Should You Apply for a Charge Card or a Credit Card?

When you apply for a charge card, you should be mindful of small print to assure you know what you are getting into. Many people use the words "charge card" and "credit card" interchangeably. Often, they are talking about the same thing. At times, however, there is an actual difference between the two types of credit that will make a difference in how you pay your bills.

Revolving Debt

The main difference between the two options is how the debt revolves month to month. Generally speaking, a credit card allows you to carry a balance over to the next month. This is called "revolving" debt, and you never have to pay the balance down so long as you are making interest payments on the debt. With a charge card, there may be a different system for handling the debt left at the end of a billing cycle.

You may find you have to pay down the entire debt balance, not just the interest, when the charge cycle closes. If you do not make the entire payment, you would be considered late on your loan payments. This can lead to additional finance charges, a bad credit report and even legal action against you.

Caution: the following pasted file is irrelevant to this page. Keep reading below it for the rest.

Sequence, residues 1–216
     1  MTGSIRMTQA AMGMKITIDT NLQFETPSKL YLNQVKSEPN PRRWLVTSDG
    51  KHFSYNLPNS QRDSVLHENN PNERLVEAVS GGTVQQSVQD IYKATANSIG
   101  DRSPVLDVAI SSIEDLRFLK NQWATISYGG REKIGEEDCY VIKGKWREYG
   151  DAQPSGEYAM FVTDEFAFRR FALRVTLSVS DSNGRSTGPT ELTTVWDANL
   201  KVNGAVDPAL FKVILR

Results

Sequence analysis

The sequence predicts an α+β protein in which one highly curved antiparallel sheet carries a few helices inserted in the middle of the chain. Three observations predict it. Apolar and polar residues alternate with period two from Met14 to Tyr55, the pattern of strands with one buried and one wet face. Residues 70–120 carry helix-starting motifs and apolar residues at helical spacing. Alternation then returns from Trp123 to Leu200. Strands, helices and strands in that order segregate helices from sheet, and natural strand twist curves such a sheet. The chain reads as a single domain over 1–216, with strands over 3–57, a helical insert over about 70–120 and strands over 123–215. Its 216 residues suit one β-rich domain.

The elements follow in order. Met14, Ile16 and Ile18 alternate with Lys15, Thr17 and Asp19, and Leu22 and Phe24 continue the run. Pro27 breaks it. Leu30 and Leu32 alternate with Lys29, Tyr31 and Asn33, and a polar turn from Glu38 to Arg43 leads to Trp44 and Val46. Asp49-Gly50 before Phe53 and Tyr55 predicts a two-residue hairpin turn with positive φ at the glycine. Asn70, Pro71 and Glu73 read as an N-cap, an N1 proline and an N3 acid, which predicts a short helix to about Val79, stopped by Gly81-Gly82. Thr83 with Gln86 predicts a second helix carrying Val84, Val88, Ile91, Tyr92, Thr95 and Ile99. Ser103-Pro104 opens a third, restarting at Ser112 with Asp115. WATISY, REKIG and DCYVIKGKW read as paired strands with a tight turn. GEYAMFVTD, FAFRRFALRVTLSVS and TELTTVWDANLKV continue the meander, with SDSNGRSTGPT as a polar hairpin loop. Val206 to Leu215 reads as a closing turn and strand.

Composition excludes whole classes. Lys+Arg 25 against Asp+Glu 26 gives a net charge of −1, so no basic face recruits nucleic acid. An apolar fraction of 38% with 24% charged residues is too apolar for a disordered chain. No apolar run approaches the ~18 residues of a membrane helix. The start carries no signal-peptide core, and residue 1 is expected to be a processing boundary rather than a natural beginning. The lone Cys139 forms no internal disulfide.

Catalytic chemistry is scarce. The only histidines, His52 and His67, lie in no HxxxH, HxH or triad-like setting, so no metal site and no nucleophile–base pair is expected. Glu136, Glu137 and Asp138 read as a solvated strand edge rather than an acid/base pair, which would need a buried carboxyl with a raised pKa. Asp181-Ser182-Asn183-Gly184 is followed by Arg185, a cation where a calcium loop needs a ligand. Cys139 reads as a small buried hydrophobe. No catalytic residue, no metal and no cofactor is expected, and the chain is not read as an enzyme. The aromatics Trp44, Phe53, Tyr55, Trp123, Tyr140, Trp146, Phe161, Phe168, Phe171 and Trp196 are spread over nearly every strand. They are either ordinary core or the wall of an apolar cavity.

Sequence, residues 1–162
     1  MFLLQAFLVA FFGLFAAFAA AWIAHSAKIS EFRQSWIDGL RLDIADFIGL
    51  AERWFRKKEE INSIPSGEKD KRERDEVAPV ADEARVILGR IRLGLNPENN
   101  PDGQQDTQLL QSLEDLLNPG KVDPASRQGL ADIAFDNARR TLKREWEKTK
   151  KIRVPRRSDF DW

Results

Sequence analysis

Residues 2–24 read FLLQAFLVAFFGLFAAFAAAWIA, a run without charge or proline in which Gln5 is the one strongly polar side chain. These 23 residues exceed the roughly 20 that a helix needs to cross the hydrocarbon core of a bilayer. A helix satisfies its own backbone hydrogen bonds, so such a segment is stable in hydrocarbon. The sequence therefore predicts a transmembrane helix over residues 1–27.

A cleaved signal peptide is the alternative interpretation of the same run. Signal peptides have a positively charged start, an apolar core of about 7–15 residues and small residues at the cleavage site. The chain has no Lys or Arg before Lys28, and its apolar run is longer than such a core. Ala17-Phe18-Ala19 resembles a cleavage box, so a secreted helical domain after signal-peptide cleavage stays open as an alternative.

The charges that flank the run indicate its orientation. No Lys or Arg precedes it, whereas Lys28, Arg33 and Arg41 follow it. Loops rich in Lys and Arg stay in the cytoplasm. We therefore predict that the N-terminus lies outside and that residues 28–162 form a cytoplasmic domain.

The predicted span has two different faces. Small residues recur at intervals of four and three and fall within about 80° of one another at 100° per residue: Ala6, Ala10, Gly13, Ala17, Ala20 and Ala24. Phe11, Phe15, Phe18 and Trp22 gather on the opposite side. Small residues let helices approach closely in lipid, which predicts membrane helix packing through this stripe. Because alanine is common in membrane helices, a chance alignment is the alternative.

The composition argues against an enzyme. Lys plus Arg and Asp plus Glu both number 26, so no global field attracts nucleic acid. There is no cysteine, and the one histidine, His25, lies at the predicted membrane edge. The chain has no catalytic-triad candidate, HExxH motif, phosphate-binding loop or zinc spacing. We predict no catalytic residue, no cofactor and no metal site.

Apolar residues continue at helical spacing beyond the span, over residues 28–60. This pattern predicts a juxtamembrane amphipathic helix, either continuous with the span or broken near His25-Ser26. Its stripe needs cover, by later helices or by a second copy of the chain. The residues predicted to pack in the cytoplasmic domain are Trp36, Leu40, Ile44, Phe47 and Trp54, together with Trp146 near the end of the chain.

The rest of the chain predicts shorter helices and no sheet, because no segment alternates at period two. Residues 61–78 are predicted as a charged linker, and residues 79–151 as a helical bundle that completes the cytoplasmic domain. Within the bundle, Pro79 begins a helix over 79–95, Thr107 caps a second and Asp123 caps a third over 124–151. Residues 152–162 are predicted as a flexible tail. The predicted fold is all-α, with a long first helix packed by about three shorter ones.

When to Apply for a Charge Card

A charge card is much less flexible than a credit card if debt is not permitted to revolve. However, there are times when charge cards are a better option. Because it is less risk to the lender, they may be easier to secure for people with less than perfect credit. If you have a hard time getting a credit card, a charge card may be a viable option to start rebuilding your credit score and still have some flexibility to make purchases.

A charge card may also be a good idea for a business that fully intends to pay all bills each month or each quarter. Some businesses will make all payments at one time, instead of paying each vendor individually. A charge card allows them to make the immediate payment to a vendor using credit. Then, when it comes time to close the books each month, only one bill needs to be paid.

When to Apply for a Credit Card

A credit card is preferable in most situations due to the increased flexibility. With credit, you will have the option of either paying down your entire balance or simply letting a balance ride for a few months while you earn the cash to pay it off. Of course, when you allow a balance to revolve, you will be charged a much greater charge due to the effect of compounding interest.

This can get some borrowers into bad situations if they fail to pay off their credit card debt in a reasonable amount of time. They may find themselves struggling to simply make interest payments each month. If you can manage the debt effectively, however, you will be better suited for a credit card and will find greater benefits with its use.


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